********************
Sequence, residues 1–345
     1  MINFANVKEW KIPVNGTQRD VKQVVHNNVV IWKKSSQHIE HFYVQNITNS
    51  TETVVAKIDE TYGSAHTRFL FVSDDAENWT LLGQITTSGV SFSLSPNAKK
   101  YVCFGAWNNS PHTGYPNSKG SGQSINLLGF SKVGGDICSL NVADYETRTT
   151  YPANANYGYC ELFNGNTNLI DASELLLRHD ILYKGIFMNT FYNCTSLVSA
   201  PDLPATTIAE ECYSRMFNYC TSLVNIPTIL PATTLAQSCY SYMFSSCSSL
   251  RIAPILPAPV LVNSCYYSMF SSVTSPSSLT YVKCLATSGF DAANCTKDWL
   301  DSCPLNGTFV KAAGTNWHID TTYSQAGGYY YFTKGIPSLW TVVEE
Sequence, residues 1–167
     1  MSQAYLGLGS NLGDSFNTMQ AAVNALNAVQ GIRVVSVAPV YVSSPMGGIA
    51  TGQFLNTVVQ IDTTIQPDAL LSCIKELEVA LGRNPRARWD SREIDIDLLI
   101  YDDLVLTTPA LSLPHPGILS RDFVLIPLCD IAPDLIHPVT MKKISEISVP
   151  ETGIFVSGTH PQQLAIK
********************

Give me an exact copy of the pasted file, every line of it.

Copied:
Sequence, residues 1–345
     1  MINFANVKEW KIPVNGTQRD VKQVVHNNVV IWKKSSQHIE HFYVQNITNS
    51  TETVVAKIDE TYGSAHTRFL FVSDDAENWT LLGQITTSGV SFSLSPNAKK
   101  YVCFGAWNNS PHTGYPNSKG SGQSINLLGF SKVGGDICSL NVADYETRTT
   151  YPANANYGYC ELFNGNTNLI DASELLLRHD ILYKGIFMNT FYNCTSLVSA
   201  PDLPATTIAE ECYSRMFNYC TSLVNIPTIL PATTLAQSCY SYMFSSCSSL
   251  RIAPILPAPV LVNSCYYSMF SSVTSPSSLT YVKCLATSGF DAANCTKDWL
   301  DSCPLNGTFV KAAGTNWHID TTYSQAGGYY YFTKGIPSLW TVVEE
Sequence, residues 1–167
     1  MSQAYLGLGS NLGDSFNTMQ AAVNALNAVQ GIRVVSVAPV YVSSPMGGIA
    51  TGQFLNTVVQ IDTTIQPDAL LSCIKELEVA LGRNPRARWD SREIDIDLLI
   101  YDDLVLTTPA LSLPHPGILS RDFVLIPLCD IAPDLIHPVT MKKISEISVP
   151  ETGIFVSGTH PQQLAIK